Review: Numi Pu-erh teas are Pu-erh it’s at

As a die-hard coffee drinker, I don’t consider tea until I’ve had at least a cup of coffee. I usually require an ambiance for tea. For instance, is it cold out, possibly snowing or raining? Yes, I’d love some tea. Is it nighttime and I have a little bit of down time before bed? Sure thing, brew me a cup. Am I on vacation in the mountains? I love tea! Is it daytime in Paris? I always drink tea then.  But to drag my tired body from a cozy bed into a likely foggy morning, I need something full-bodied, cozy and rich.

Numi tea

Recently, due to the normal transition of a cross-country move, my coffee snobbery has been threatened; I’d love to buy gourmet beans for a daily French press but it turns out Comcast wants a check every month. Thus, gourmet items are in ration mode. Please don’t suggest any coffees in a can. Give me Blue Bottle or give me death. I’ve opted for one bag a week, which requires less coffee drinking than my normal intake (judge not). In this time of practicing moderation, I have rediscovered a favorite tea for some of my ambient tea-sipping scenarios, Numi Chocolate Pu-erh (say it like “pu-where”). And you know what? It’s a breakfast-worthy beverage. It’s a delicious breakfast-worthy beverage.

Here is what you need to know about Pu-erh tea:

Pu-erh is an ancient tea made of leaves picked from 500 year-old organic (because everything was organic before the 1940’s) wild tea trees in Eastern China. It’s loved for its healing and therapeutic benefits; one story claims the Last Emporer’s mother cured her gout by drinking the tea. That’s some power. What makes this tea taste and behave differently than other teas is its unique 60-day fermenting process. The leaves are packed and dampened to ferment before being dried and either being pressed into a brick and or put into tea bags (by Numi). This is where it gets the boldness that makes it a worthy option to my most beloved morning ritual.

Besides curing gout, which currently does not fall on my list of health concerns, Pu-erh has some other interesting health benefits. For instance, according to Dr. Oz, tea is one of the best ways to help with weight loss and Pu-erh in particular contains properties actually able to shrink existing fat cells. BAM! It’s also known to improve digestion and naturally boost energy. But also, it shrinks fat.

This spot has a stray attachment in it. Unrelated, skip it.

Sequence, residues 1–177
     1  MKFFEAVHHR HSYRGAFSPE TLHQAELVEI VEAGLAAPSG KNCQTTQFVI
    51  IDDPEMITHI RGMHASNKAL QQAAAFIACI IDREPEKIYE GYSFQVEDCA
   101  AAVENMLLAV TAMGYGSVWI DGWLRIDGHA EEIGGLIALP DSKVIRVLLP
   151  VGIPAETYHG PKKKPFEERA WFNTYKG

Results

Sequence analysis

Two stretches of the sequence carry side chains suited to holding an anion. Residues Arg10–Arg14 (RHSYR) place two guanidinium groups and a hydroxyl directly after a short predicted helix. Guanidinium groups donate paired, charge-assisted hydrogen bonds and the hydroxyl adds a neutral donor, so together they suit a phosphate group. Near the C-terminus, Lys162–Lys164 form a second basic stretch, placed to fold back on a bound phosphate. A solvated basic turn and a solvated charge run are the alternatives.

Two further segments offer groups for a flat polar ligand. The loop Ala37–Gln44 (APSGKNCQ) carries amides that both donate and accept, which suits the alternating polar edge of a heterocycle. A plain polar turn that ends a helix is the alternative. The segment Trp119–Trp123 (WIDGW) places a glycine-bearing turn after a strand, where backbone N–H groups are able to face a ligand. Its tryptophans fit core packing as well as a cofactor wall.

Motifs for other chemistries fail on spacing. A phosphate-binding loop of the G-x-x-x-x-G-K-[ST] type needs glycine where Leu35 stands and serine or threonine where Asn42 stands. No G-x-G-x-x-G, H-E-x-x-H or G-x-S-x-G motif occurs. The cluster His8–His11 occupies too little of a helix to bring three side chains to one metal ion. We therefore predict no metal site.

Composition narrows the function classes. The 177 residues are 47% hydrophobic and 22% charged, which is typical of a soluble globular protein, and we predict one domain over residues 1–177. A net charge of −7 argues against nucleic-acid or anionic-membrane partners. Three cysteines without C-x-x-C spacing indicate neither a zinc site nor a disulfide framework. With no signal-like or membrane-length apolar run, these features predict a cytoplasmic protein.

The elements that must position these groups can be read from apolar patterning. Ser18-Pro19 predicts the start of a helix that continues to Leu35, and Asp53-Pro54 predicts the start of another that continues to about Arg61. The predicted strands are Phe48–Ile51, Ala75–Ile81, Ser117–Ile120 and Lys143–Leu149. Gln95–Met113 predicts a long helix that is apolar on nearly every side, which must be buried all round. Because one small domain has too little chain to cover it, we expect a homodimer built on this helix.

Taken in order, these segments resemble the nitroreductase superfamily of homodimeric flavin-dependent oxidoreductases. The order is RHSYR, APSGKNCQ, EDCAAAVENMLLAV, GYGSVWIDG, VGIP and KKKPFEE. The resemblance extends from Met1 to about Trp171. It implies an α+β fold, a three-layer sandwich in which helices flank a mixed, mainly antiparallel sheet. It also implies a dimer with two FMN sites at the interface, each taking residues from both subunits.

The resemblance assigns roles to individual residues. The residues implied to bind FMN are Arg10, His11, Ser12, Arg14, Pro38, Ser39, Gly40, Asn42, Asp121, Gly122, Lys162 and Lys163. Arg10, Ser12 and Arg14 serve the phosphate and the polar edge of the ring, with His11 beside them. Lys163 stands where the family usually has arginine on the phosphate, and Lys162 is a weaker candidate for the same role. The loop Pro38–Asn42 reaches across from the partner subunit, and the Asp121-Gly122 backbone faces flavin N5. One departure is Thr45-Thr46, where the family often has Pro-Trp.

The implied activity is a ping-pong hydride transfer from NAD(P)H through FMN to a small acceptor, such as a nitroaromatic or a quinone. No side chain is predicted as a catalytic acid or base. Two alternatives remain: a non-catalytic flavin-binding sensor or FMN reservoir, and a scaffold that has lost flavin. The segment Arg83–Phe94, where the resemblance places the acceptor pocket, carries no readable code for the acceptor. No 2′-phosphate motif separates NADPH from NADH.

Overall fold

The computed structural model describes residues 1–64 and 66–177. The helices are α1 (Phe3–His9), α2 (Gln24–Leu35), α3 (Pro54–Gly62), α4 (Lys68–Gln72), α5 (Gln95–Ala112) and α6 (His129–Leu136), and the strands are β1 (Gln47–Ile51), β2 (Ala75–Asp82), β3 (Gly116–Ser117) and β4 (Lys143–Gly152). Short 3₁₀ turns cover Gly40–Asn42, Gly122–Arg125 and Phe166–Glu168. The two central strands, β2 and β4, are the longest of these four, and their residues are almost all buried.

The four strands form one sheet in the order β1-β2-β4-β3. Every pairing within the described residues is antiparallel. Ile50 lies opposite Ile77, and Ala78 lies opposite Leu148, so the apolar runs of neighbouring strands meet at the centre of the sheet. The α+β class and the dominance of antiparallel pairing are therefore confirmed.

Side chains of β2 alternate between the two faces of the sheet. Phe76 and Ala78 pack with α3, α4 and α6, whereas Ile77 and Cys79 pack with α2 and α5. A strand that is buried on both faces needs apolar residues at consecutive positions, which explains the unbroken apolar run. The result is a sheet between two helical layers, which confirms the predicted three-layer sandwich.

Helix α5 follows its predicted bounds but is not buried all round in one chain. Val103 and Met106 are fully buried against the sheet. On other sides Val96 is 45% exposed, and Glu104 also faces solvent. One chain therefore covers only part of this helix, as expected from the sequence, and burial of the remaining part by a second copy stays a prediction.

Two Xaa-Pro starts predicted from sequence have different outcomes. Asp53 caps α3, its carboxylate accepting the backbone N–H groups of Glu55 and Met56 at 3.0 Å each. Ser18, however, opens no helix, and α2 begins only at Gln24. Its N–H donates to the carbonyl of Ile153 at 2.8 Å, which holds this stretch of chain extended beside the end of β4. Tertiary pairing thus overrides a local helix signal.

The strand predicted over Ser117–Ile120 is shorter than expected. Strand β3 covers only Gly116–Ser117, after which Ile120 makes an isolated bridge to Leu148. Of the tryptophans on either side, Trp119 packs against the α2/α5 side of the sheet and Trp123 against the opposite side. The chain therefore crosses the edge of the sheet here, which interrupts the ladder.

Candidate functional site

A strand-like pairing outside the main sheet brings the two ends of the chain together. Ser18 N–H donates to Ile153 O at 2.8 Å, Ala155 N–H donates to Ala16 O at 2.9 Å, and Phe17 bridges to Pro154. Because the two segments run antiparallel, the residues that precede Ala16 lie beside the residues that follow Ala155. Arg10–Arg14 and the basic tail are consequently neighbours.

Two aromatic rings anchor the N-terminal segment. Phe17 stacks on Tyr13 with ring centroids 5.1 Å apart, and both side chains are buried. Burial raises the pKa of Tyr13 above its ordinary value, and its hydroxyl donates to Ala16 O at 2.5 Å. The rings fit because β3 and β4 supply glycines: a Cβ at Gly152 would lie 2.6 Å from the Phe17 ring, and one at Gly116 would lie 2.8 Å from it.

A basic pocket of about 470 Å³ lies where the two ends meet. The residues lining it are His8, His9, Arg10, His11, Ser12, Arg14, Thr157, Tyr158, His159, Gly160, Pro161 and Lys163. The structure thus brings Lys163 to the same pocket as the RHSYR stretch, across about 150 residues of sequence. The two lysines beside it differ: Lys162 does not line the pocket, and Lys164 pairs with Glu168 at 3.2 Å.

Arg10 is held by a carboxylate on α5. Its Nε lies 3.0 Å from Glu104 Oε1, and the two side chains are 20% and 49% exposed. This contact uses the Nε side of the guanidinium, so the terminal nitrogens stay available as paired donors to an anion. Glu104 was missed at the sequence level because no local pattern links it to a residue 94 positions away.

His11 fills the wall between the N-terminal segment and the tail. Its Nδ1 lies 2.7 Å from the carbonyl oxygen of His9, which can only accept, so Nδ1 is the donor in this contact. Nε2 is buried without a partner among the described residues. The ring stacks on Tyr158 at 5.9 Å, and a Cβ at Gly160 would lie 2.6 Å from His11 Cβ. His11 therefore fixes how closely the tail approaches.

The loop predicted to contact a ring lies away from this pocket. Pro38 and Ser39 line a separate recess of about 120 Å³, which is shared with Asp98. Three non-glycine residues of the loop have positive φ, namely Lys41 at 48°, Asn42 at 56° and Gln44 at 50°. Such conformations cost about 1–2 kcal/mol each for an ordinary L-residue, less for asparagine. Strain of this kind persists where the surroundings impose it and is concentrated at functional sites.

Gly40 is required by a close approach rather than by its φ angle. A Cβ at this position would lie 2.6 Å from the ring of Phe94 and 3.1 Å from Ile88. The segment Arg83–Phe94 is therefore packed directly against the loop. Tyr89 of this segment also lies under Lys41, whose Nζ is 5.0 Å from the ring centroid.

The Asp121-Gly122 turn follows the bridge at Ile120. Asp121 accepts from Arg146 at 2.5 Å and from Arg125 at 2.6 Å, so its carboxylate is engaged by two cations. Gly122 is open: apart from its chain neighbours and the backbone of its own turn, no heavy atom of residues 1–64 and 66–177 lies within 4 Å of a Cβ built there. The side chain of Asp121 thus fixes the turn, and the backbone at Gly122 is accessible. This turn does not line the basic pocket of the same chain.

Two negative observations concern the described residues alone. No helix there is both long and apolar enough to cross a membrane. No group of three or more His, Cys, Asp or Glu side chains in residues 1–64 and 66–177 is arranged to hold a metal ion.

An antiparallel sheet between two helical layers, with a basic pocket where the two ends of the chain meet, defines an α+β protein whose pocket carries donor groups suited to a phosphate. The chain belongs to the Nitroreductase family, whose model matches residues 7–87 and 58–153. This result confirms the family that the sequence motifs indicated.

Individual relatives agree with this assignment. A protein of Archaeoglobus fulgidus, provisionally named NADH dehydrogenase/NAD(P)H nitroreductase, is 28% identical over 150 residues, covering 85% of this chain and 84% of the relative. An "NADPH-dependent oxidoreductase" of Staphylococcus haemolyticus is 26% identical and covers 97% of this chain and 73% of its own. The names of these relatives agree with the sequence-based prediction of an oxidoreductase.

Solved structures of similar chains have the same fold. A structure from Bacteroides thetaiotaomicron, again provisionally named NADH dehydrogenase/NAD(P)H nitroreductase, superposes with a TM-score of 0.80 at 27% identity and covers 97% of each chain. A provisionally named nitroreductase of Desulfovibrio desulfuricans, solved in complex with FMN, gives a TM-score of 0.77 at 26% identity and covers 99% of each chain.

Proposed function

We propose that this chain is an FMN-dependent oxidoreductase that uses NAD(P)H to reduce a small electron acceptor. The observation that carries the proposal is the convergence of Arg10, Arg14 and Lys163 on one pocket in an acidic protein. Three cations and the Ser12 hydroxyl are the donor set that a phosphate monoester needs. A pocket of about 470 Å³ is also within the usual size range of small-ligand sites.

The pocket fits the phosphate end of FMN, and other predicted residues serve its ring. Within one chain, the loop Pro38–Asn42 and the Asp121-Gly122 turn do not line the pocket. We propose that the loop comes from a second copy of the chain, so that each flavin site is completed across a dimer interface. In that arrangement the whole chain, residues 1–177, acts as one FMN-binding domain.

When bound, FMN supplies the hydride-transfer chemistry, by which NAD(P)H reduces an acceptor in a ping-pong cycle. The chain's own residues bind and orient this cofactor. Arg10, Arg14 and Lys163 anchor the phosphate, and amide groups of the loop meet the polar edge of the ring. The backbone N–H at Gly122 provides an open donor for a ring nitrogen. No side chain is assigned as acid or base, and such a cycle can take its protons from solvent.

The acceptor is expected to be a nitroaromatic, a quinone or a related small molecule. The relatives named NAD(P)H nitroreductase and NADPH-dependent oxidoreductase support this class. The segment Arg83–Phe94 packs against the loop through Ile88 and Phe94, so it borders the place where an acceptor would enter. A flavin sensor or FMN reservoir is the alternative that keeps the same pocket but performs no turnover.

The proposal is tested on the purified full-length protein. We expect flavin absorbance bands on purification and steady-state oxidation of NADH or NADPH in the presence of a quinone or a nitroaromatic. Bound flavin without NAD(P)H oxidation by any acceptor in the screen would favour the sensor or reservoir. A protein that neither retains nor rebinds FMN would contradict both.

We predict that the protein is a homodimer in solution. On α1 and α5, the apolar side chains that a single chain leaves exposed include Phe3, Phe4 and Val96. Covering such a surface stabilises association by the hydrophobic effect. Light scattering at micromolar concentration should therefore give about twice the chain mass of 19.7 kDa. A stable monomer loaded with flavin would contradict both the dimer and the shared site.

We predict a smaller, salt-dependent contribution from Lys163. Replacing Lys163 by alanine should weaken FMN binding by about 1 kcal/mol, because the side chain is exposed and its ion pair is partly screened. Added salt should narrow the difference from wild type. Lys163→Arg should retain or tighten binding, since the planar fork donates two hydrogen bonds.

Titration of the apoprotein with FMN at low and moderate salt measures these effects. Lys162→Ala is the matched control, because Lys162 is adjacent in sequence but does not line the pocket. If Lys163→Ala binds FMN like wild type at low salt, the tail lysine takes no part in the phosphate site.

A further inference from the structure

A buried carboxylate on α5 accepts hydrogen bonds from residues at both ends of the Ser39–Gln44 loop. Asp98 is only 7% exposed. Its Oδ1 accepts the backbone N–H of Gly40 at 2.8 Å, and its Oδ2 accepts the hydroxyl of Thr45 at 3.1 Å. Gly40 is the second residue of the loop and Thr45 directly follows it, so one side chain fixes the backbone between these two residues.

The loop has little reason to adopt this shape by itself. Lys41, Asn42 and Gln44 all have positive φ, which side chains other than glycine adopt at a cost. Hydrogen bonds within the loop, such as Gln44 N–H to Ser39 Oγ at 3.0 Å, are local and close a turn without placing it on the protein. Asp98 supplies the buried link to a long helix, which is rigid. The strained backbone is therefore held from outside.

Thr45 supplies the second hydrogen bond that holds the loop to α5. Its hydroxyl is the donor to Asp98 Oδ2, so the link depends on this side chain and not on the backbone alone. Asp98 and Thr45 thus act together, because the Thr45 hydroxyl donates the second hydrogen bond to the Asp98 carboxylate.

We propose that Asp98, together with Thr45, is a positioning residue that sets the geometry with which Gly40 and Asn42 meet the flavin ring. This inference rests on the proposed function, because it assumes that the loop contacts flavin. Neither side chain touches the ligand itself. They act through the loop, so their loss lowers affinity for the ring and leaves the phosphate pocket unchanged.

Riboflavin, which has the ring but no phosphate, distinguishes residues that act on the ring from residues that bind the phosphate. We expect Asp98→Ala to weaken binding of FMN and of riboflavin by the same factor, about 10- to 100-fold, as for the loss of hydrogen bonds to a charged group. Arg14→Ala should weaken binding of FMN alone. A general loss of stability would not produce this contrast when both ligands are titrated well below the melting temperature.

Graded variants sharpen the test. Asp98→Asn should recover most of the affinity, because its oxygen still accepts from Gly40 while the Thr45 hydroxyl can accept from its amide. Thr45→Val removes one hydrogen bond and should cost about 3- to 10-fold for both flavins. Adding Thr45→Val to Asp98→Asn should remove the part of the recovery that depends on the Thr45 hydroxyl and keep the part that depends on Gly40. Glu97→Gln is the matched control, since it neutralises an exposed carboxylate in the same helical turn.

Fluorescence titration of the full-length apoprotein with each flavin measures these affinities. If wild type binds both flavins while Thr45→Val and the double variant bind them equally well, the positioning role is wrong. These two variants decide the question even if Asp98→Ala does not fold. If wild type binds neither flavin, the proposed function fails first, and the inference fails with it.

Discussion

While it has ancient roots and intriguing benefits, I have been enjoying it because it tastes really good. It works as a coffee stand-in because it contains higher caffeine than most tea but doesn’t send me into a buzz.  Numi’s Chocolate Pu-erh is velvety and rich, but doesn’t come across as a mock cup of cocoa as some other chocolate teas seem to (Mocklate, anyone?). The overall flavor is subtle and the medium body reminds me of Rooibos tea. It’s a super comforting and smooth drink for the morning.

Numi, based in Oakland, Calif., is the first company to make organic Pu-erh tea available in tea bags; the alternative is a brick or tea cake. It comes in seven luxurious flavors like Coconut, Jasmine, Cardamom, Ginger, Emperor’s [blend], Magnolia, Mint and Basil Mint (I die). It is a really cool, B certified, people-oriented company and they make excellent products. I recommend checking them out the next time you are cruising for Lemon Zinger. Nothing against the big guy (I lived on Red Zinger Ave. at one point, no joke) but there is no harm in switching it up a bit and trying an innovative brand.

Check back tomorrow for the recipe for my version of Pu-erh “boba” morning tea and again on Monday for a Pu-erh giveaway, compliments of the lovely Numi team.

If you want to know more about Numi check out their site here: NumiTea.com.

Fine print: This is my personal blog and views and opinions expressed in this post are purely my own. I did not receive compensation to provide a review of this or any product. I’m no expert, but I’m going to try really hard to sound like I know what I’m talking about. If I say something ridiculous, it’s my ridiculousness, so hands off! Thank you FTC for requiring awkward disclaimer paragraphs to make us all feel weird.

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